Cigarette package and the like

In one embodiment, a cigarette package includes a block section formed with a plurality of spaced apart, parallel bores open to the top of the block section. Each of the bores receives an individual cigarette which cigarette protrudes from the top of the block section. A cover is removably positioned at the top of the block section to enclose the protruding ends of the cigarettes.In another embodiment, a cigarette package includes a box section having an open top end and a cover hinged to a wall of the box section for movement between a closed position covering the open box top and an open position away from the box top. A block section of material fits within the box section such that the top end of the block section is at the open top end of the box section. The block section is formed with a plurality of spaced apart, parallel bores having their longitudinal axes parallel to the walls of the box section, and open to the top end of the block section and, therefore, also open to the top end of the box section. Each of the bores receives an individual cigarette which cigarettes protrude from the top end of the block section.

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Description

BACKGROUND OF THE INVENTION

The present invention relates to cigarette packages, and more particularly to cigarette packages for containing a plurality of cigarettes and allowing for the extraction thereof of cigaretes one at a time without disturbing the other cigarettes in the package.

Various cigarette packages have been proposed to accomplish the above objective. The following U.S. patents are representative of such known packages.

U.S. Pat. No. 1,158,826 teaches a cigarette package. The package consists of a cardboard outer box having a hinged top cover closing the open top of the box. The package also has a hinged bottom cover closing the open bottom of the box. With reference to FIGS. 2 and 4, an insert in the box is folded back and forth to form a series of elongated cigarette containing compartments. Alternating ones of the compartments are open to the open box top and the open box bottom. Each compartment holds one cigarette. In FIGS. 5 and 7, the box insert is corrugated to form elongated cigarette containing compartments.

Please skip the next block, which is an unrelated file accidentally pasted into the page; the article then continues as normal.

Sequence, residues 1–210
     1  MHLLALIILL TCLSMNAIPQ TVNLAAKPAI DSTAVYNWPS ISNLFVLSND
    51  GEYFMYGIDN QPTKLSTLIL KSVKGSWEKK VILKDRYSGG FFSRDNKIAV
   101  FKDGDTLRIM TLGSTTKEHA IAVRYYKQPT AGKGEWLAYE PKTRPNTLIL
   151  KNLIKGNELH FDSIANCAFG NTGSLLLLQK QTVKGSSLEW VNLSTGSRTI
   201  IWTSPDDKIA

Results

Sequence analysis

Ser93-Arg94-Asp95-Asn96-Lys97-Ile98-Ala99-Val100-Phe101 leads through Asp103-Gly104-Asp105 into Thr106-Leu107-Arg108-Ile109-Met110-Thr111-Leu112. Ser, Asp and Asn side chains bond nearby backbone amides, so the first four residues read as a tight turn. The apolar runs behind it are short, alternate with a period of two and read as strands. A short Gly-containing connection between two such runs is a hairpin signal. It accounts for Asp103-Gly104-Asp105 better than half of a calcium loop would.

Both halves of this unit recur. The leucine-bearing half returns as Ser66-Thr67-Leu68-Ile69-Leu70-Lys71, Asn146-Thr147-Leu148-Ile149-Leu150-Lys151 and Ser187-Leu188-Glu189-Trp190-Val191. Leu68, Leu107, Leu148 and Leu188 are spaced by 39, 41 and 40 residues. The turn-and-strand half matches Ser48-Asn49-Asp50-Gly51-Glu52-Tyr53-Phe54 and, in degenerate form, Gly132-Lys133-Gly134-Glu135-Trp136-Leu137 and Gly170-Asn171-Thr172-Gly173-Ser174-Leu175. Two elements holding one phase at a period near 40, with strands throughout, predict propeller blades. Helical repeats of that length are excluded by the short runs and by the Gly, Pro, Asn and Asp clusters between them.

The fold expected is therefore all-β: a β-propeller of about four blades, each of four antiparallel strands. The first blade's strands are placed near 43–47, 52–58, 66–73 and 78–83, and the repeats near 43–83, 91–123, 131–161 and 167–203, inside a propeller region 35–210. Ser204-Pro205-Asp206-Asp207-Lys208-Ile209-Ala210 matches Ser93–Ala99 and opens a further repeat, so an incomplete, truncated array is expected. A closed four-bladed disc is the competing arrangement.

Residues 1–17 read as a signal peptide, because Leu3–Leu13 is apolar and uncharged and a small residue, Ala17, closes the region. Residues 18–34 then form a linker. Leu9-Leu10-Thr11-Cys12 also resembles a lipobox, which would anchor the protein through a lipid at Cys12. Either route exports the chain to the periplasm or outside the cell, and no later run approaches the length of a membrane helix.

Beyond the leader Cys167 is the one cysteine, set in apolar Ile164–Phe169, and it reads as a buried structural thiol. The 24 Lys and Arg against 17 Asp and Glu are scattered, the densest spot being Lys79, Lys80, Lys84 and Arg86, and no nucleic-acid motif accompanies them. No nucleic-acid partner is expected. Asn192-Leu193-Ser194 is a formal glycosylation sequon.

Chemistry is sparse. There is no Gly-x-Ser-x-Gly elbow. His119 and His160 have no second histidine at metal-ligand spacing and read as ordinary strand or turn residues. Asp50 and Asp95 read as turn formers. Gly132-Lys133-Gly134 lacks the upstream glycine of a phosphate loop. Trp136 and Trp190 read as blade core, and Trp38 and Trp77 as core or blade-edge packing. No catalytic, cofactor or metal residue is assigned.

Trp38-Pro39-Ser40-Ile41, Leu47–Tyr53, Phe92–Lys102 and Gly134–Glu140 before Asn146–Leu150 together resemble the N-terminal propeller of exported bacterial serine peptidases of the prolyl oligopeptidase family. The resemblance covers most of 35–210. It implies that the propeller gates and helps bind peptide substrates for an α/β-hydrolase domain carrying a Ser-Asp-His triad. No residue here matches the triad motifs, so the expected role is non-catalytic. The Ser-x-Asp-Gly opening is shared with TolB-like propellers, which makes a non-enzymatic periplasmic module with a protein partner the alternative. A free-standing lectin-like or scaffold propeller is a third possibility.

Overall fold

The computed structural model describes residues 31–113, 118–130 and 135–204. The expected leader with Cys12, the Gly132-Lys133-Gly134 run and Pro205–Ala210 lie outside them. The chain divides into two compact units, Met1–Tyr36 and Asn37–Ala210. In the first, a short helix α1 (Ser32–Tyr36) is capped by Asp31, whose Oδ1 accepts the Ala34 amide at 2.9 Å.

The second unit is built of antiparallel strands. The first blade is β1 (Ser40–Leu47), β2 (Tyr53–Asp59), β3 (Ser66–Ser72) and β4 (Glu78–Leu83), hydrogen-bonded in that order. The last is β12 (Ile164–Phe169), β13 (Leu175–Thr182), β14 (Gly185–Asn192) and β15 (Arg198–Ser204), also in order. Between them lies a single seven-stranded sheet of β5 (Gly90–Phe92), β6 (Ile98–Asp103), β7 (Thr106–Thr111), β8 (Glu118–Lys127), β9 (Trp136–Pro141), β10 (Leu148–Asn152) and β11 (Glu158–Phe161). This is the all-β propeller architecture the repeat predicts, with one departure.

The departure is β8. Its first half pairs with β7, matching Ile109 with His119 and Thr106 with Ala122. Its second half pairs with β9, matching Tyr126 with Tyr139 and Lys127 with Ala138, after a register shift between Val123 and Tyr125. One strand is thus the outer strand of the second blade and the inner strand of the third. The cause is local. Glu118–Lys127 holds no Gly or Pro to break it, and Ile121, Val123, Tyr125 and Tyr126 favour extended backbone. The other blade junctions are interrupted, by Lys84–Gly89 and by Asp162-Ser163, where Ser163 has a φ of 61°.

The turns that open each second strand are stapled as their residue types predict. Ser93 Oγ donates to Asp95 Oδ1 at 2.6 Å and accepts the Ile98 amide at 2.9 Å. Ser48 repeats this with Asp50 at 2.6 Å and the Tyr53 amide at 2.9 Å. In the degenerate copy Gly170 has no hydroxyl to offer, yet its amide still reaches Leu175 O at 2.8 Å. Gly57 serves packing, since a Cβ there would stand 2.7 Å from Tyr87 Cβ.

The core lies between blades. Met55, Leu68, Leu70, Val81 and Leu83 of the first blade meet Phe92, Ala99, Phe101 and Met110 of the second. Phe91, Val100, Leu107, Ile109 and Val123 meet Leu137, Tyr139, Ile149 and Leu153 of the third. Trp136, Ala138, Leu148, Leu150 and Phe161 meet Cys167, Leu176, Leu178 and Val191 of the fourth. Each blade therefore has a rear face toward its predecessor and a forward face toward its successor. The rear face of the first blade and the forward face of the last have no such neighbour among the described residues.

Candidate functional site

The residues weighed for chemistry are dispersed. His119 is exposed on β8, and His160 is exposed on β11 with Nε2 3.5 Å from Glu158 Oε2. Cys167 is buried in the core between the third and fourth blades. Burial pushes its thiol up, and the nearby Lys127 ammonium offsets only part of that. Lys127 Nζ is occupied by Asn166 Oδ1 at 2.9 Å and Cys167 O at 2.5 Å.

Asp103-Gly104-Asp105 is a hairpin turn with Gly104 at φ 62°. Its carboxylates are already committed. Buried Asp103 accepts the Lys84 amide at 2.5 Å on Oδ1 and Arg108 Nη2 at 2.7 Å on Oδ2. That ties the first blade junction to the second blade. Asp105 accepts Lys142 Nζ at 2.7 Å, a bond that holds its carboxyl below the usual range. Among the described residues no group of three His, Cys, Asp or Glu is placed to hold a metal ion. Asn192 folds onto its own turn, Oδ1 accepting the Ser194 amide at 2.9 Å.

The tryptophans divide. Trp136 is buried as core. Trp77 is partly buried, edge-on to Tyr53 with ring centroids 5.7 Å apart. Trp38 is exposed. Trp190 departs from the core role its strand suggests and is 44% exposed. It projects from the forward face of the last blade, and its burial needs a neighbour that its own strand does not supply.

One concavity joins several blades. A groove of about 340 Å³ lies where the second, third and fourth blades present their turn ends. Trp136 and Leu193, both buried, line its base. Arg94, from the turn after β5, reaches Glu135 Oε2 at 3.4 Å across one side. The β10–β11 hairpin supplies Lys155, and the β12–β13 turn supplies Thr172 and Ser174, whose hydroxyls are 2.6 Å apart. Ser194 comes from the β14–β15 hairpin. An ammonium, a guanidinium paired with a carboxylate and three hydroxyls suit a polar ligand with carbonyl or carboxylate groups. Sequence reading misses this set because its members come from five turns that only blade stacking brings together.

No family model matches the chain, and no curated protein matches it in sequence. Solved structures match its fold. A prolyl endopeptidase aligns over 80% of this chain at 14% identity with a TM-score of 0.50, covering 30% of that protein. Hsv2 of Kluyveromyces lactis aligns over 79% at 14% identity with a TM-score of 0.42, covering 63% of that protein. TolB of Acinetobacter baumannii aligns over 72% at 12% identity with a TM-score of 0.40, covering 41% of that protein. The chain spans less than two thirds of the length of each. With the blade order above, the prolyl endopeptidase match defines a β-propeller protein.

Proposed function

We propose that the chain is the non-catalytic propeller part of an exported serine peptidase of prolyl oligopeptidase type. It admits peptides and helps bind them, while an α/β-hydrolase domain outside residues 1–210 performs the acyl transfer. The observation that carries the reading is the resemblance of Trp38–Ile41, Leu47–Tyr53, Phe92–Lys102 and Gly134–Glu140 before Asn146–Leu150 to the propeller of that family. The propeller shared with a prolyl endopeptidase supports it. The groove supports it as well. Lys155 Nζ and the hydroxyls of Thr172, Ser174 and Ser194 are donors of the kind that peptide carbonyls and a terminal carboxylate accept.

U.S. Pat. No. 1,160,930 is by the same inventor as U.S. Pat. No. 1,158,826 and teaches a cigarette box essentially identical to that of his prior patent except for details of construction wherein the ends of the cigarettes extend upwardly beyond the top ends of the insert forming the elongated cigarette compartments.

U.S. Pat. No. 1,164,782 teaches a flat cigarette box having a corrugated insert forming spaced apart partitions. Cigarettes are located in the spaces between adjacent cigaretes.

U.S. Pat. No. 1,174,872 teaches a cigarette box which has two removable trays. Each tray has spaced apart partitions forming a number of cigarette containing compartments. When the cigarettes of one tray are used up, that tray is removed to gain access to the cigarettes contained in the other tray.

U.S. Pat. No. 1,870,299 teaches a cigarette package fabricated to two layers of paper or the like. One paper layer is flat and the other paper layer is formed with a plurality of side-by-side loops. The two layers are adhesively attached to each other. The loops in one layer form compartments for individual cigarettes.

U.S. Pat. No. 2,528,743 teaches a cigarette case having an insert 11. The insert 11 has a back wall 16, two side walls 17 and 18, and a bottom ledge 19. The top and front sides of the insert 11 are open. A bar 22 extends across the open front side of the insert. The bar 22 has grooves which cooperate with the insert back wall 16 for holding individual cigarettes.

U.S. Pat. No. 3,033,419 teaches a cigarette box having an insert of fluted stiff paper defining elongated channels for holding individual cigarettes. At the bottom end of each compartment is a paper spring which abuts the bottom end of the cigarette and biases the cigarettes upwardly to project out of the top end of each compartment.

U.S. Pat. No. 3,165,249 teaches a cigarette box which has a portion of its front wall hinged so that it can be pivoted outwardly. The cigarettes in the box are individually encased between two layers of plastic. The top edge of the hinged portion of the front wall has a cutting edge for cutting the cigarettes free from the encasing layers of plastic.

SUMMARY OF THE INVENTION

The present invention provides a cigarette package containing a plurality of cigaretes in parallel spaced apart relationship providing for the removal of individual cigarettes without disturbing the other cigarettes remaining in the package.